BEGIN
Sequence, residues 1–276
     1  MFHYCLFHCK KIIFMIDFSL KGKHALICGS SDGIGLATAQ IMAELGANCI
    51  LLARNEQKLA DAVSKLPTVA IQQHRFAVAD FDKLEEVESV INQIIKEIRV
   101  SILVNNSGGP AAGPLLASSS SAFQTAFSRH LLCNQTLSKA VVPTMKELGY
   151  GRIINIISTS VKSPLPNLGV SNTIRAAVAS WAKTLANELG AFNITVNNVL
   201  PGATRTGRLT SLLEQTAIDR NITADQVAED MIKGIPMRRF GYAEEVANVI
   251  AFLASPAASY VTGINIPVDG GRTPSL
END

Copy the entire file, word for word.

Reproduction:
Sequence, residues 1–276
     1  MFHYCLFHCK KIIFMIDFSL KGKHALICGS SDGIGLATAQ IMAELGANCI
    51  LLARNEQKLA DAVSKLPTVA IQQHRFAVAD FDKLEEVESV INQIIKEIRV
   101  SILVNNSGGP AAGPLLASSS SAFQTAFSRH LLCNQTLSKA VVPTMKELGY
   151  GRIINIISTS VKSPLPNLGV SNTIRAAVAS WAKTLANELG AFNITVNNVL
   201  PGATRTGRLT SLLEQTAIDR NITADQVAED MIKGIPMRRF GYAEEVANVI
   251  AFLASPAASY VTGINIPVDG GRTPSL